Then finally when the paying audience get access to your film, there are many layers of them and I believe they experience the film very differently depending on whether they have left the house and bought a ticket to see your film with others in the cinema, bought a downloaded version to watch on their wide screen surround sound home cinema set up with a glass of good wine, downloaded onto their mobile device from a pirate site and watched on the train to work across a day or two in journey sized chunks…and so on.

    I think the last audience, the history audience as you call it, comes from the theme of your film, its innovations and its cast. If you are working at low budgets but have great choices in casting you might have the first film with of a lead who will be revisited after he becomes a Hollywood superhero franchise star in a couple of years. Or you might have made the first film that brought a new technique (no doubt born out of the mother of invention) that you learnt making that long running sci-fi show for TV.

    Or maybe it will be the film that tore into that social injustice or opened our eyes to an emotional dilemma we have previously ignored. Maybe it is suggesting a better way to live and is of practical value to that audience. Maybe they will embrace it as a landmark of where there were when they were there.

    Lovely to have you back. Can’t wait to see the film.
    dx

  2. Shooting People » Ben's Blog » Notes On The 4 Subjects.

    […] next page of my notebook has another note I don’t remember writing… […]

  3. Ben

    Bless you Darren, good to be back. I don’t disagree with anything you write, except perhaps the scale.

    I think of “the audience”, those who sit outside the film and watch it, as the 1st audience because all the other audiences we’re discussing will constantly tell you that they’re subservient to this one. That’s not a total lie either, if a financier sees that “the audience” will get something then they’ll convince themselves that they do to, if a critic hates a box office smash they at least have to accept their position as counter to the prevailing thought.

    When it comes to my “second audience”, those “behind the scenes”, I think this contains your first and second audiences. I agree they experience the film at different stages of development but their view through the illusion out into the crowd is broadly the same. Crucially it is also different from the view of my “third audience”, those who are directly engaged in the thing with you, the creative collaborators who, at differing levels, have to be convinced of the art but are aware in a different way of the scrutiny of the viewer.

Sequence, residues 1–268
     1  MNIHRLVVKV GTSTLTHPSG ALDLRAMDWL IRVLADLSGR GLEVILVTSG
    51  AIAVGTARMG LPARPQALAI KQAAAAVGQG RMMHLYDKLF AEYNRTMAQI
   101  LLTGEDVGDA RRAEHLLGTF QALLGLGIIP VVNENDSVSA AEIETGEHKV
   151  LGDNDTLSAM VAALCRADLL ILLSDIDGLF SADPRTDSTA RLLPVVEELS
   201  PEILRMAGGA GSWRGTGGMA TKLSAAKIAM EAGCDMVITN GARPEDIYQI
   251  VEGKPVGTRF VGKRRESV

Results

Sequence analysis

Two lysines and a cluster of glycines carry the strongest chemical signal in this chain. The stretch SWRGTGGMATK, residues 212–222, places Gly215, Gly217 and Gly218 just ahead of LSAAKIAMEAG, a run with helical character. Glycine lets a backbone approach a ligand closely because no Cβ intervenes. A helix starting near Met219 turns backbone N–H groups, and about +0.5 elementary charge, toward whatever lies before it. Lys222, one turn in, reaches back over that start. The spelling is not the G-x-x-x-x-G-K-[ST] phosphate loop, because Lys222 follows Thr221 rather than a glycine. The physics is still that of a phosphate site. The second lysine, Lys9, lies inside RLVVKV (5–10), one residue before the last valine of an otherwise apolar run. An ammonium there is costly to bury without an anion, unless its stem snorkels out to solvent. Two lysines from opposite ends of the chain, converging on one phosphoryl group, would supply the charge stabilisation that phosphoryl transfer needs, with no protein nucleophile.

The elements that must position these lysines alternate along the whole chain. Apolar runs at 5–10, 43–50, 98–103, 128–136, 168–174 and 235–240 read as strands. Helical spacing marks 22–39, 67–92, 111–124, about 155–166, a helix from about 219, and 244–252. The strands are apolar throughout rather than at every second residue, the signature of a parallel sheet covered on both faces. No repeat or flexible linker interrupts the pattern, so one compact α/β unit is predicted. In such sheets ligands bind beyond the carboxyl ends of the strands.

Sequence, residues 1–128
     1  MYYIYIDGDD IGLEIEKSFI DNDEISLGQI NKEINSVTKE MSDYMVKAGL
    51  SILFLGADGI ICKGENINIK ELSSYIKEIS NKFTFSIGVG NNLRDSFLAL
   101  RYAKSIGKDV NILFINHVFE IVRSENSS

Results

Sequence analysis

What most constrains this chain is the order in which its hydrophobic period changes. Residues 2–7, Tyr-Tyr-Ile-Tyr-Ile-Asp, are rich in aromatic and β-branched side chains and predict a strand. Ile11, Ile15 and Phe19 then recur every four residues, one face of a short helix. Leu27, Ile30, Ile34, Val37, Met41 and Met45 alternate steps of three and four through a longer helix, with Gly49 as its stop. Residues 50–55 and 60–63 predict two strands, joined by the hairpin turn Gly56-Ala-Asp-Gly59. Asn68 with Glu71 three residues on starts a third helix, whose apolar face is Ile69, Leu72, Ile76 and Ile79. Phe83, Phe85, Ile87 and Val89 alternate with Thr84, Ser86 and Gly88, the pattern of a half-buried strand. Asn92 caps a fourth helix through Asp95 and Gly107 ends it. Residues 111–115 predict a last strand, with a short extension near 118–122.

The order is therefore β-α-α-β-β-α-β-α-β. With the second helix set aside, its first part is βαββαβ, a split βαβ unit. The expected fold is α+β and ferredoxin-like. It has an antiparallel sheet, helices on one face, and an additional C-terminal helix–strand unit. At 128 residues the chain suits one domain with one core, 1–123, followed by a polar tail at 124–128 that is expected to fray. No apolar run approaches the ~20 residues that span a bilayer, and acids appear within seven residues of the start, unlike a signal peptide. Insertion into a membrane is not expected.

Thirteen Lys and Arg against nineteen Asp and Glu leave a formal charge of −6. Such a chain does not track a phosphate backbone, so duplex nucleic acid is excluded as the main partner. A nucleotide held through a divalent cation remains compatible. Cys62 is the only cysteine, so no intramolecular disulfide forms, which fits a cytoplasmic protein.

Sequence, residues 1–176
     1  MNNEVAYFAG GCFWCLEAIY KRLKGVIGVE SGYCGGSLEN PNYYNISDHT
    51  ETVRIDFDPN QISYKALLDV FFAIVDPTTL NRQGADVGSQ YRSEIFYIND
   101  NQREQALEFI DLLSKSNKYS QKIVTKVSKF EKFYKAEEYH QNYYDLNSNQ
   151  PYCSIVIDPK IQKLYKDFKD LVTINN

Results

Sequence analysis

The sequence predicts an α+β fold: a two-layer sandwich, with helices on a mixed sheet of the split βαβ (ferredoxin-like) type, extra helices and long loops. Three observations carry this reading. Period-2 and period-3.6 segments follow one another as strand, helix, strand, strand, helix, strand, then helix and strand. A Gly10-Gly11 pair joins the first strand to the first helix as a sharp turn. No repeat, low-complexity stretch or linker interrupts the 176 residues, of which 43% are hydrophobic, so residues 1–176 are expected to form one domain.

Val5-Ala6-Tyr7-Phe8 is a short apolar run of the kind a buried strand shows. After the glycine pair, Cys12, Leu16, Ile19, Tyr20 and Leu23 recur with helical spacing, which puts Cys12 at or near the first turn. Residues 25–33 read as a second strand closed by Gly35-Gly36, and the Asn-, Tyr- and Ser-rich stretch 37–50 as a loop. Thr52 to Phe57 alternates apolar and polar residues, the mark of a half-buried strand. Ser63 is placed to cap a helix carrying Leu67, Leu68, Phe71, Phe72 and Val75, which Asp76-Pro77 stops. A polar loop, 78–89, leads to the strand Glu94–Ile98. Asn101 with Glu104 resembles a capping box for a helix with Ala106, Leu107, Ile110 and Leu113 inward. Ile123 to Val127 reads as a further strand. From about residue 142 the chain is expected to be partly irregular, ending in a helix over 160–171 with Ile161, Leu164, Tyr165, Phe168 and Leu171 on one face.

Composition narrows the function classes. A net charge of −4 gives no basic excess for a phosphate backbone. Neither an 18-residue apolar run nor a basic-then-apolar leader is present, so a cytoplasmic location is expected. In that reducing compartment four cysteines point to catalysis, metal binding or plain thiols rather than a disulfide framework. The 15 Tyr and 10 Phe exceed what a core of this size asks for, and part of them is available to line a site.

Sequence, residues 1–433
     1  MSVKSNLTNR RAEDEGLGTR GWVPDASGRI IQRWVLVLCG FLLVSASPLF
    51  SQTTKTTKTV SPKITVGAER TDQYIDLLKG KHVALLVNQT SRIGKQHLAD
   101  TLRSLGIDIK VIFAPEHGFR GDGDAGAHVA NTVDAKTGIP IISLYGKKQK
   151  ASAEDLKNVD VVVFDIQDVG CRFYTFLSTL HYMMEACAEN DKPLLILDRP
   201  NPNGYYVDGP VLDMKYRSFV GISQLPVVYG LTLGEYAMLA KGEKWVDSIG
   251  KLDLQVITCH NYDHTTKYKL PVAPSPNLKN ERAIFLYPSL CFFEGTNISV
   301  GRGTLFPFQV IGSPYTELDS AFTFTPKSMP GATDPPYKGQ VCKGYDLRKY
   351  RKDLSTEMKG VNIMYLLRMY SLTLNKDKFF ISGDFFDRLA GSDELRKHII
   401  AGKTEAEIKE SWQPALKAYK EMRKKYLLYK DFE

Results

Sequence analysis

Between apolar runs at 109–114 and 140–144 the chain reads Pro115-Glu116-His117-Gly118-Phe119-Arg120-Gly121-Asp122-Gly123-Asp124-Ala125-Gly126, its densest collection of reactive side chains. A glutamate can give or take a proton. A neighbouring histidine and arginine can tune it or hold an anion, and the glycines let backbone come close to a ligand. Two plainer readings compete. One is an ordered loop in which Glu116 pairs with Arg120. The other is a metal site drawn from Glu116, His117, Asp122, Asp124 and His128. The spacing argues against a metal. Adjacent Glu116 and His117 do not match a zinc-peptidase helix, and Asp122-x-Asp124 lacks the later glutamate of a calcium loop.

My aim is try and think out how these audiences affect creative process, how their gaze pulls a project in one direction or another. I think the questions an actor or editor bring to a project affect it in a quantitively different manner to those brought by a financier or distributor. None of which is to prioritise, simply to try and piece it together.

    Lastly I think you’re quite right about the waves of audience and how their position in history affects the film, but I think this point is better addressed in the blog that came after this about the 4 Subjects. https://shootingpeople.org/blog/2014/05/notes-on-the-4-subjects/

    Lovely to hear from you.
    very best
    bB

  4. dave thomas

    Hi Ben

    I’m just finishing editing my first feature at the moment and as far as I’m concerned theres only one audience I’m interested in. And that’s me. I wanted to the film I was happy with and that I liked and that is the most important thing. You can’t second guess any audience, everyone sees film differently and therefore the directors opinion should be the one that counts. If you love it then others will too. And often not the ones you think will. Look forward to seeing it!

  5. Shooting People » Ben's Blog » A Blog About Ryan Gosling.

    […] been rethinking some thoughts I found scribbled in my own handwriting, one about “the 4 audiences”, the other “the 4 subjects”. The notes run on in an attempt to mesh these two ideas […]

  6. Ben

    I agree with you Dave, if you’re placing other people’s opinions above your own then you’re on a hiding to nothing. However our opinions of our own work do not arrive in our minds as unique and original concepts. Our thoughts are responses, our opinions responses to cultural stimuli. If you imagine your judgement is free from the influence of your other audiences then you’re simply blindfolding yourself to some of the forces pushing you down the path you’re following…